For most of the past 15 years, the U.S. has suffered from a productivity problem. Except for a spike after the 2009 Financial Crisis, productivity gains have been stuck at 1% per year over the past decade, or half the long-term average. Why does this matter? Economies that produce more with the same number of workers grow faster, and that faster growth supports higher wages.
Theories of the cause of this poor performance have varied. Some economists have suggested that we are simply not measuring productivity correctly. How, they claim, do you account for improvements imparted by services like Google Maps or Waze? Others suggest that we have simply become less innovative and that the advances of today (consider streaming services) compare poorly to the productivity enhancing leaps of yesterday like electricity and the internal combustion engine. Whatever the answer, the good news is that recent data shows a significant improvement in our nation’s results with first quarter productivity rising at a 5.4% annual rate – a full 4.1% above year-earlier levels.
As the chart below shows, it is not unusual for economies to experience rising productivity coming out of a recession. The reason here is intuitive; early in a recovery employment gains tend to lag the actual pick-up in demand as businesses make sure the turnaround is real and hire and train new workers. That certainly appears to be the case today.
NONFARM BUSINESS PRODUCTIVITY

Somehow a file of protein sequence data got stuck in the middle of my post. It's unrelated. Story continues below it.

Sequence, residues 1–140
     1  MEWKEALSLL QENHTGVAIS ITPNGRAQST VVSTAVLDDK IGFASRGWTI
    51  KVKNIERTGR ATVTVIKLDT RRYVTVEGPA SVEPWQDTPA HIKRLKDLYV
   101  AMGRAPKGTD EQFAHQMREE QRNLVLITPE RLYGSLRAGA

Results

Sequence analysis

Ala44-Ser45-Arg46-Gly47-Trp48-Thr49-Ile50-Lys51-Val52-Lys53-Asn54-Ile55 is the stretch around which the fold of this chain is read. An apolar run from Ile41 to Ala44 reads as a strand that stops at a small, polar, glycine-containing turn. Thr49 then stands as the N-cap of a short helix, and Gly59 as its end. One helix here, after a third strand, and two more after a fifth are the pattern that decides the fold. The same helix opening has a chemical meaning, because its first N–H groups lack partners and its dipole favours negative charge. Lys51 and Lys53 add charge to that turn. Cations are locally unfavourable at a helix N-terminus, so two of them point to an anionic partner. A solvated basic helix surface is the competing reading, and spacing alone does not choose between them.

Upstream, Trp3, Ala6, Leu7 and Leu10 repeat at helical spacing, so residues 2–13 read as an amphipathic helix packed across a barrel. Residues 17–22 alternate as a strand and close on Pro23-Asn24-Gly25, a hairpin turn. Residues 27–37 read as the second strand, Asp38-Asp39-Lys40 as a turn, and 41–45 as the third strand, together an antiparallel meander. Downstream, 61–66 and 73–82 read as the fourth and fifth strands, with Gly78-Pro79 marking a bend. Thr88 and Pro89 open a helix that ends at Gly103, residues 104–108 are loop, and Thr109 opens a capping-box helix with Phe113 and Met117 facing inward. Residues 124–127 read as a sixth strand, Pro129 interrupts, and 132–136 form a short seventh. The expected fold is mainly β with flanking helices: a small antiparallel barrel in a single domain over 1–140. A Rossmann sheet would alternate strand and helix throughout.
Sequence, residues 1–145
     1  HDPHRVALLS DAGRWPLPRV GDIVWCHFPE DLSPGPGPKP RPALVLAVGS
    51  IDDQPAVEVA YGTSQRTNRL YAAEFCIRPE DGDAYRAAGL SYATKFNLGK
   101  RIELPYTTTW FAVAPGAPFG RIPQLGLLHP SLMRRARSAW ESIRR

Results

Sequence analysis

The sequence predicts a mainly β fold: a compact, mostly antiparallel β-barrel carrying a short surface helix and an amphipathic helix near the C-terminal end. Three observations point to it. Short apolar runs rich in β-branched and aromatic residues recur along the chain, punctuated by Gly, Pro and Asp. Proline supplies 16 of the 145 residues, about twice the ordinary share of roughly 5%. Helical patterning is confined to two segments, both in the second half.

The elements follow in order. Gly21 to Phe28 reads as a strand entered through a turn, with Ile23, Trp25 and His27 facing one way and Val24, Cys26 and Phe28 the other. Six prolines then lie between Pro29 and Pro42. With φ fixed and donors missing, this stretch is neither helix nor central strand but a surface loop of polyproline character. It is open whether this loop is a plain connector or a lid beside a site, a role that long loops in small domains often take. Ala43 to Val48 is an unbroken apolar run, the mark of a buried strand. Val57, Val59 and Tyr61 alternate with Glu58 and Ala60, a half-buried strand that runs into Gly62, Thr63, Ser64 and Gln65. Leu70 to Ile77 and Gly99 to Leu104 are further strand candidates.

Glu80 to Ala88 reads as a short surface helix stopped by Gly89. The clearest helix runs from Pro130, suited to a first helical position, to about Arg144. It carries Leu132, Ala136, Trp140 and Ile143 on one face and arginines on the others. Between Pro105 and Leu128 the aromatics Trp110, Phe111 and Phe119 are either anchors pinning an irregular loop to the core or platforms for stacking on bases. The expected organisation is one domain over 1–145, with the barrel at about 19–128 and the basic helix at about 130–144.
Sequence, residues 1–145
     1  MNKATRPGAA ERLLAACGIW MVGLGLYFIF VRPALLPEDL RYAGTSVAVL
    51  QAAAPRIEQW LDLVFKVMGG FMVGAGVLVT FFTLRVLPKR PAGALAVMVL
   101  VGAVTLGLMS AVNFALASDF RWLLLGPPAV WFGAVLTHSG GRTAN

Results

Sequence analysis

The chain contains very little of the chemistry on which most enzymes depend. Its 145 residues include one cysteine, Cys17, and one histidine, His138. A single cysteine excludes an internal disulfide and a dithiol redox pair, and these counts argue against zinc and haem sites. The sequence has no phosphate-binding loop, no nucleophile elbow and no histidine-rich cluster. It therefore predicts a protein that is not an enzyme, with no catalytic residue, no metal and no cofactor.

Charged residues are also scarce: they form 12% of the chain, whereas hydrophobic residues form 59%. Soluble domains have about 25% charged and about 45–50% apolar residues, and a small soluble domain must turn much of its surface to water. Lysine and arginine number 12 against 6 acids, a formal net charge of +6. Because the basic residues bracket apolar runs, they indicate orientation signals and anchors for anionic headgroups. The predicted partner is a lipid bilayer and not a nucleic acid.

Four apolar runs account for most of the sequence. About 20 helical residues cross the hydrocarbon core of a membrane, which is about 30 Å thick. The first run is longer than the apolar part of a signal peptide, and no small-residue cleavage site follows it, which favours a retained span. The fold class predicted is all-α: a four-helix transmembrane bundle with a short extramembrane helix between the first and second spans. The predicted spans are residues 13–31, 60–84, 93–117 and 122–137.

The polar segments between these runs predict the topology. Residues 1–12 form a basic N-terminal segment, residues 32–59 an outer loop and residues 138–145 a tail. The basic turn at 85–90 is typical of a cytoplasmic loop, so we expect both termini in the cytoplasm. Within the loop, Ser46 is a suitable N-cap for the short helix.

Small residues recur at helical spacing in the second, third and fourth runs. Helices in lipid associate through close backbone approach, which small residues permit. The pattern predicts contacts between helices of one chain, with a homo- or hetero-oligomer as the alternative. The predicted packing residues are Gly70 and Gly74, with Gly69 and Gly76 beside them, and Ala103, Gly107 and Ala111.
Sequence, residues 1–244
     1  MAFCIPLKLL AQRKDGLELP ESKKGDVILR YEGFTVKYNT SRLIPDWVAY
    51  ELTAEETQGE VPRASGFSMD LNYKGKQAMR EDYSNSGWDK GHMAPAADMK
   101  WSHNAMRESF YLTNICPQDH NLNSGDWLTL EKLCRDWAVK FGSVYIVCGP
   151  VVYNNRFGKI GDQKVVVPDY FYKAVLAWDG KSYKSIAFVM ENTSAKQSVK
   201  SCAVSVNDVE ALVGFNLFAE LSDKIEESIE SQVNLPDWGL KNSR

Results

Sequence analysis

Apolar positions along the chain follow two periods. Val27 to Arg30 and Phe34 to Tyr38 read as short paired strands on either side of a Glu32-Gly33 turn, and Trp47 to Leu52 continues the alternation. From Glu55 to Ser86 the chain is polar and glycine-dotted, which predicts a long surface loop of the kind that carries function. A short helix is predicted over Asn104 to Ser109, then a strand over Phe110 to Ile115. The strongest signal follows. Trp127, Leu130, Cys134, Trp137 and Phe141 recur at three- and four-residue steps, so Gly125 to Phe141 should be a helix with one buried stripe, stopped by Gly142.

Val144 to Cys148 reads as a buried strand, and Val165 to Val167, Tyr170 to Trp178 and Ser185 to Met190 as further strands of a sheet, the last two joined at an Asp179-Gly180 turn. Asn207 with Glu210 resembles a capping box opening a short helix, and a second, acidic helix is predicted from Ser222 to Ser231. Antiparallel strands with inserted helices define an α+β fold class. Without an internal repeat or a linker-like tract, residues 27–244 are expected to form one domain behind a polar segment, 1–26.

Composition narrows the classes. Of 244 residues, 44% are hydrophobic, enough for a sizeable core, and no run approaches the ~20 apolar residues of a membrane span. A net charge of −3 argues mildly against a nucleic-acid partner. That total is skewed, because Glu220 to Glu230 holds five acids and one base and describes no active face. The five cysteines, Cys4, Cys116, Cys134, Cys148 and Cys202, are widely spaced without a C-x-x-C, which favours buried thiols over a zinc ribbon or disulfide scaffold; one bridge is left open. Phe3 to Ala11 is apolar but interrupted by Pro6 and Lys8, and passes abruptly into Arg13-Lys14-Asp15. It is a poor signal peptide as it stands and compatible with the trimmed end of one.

Change from quarter one year earlier:
There are several reasons, however, that suggest the most recent productivity gains may be more sustained in nature. First, the pandemic forced many businesses to figure out how to produce more with fewer workers (think telehealth and electronic menus). Some of these “innovations” will fade but many will continue to spread across the economy.
Second, the unprecedented level of fiscal and monetary stimulus together with the nation’s slow-growing work force could mean that businesses continue to have trouble hiring to keep up with demand. In a recent study, the Pew Research Center projected that the total growth of the labor force over the next 20 years will be lower than the total growth in any single decade since 1960. Many businesses, faced with a shortage of workers and related rising wages, will turn to productivity enhancing technology and process related improvements to control costs.
WITHOUT FUTURE IMMIGRANTS, WORKING-AGE POPULATION IN U.S. WOULD DECREASE BY 2035
Working-age population (25-64), in millions
Finally, consider the shifting global economic landscape. For most of the past 50 years, the U.S. played a leading role in the global economy. Investments in everything from the federal highway system to technology and healthcare helped it sustain this lead. But the tremendous economic advances in countries such as China together with lagging investments here at home mean that the U.S. can no longer live off its past successes to stay on top. The current administration’s effort to bolster key industries such as semiconductor manufacturing suggests a shift toward more focused industrial policies aimed at retaining our economic sovereignty. Whether this approach proves successful over time remains to be seen. In the meantime, investments into key sectors of the economy and basic R&D may well translate into productivity improvements going forward.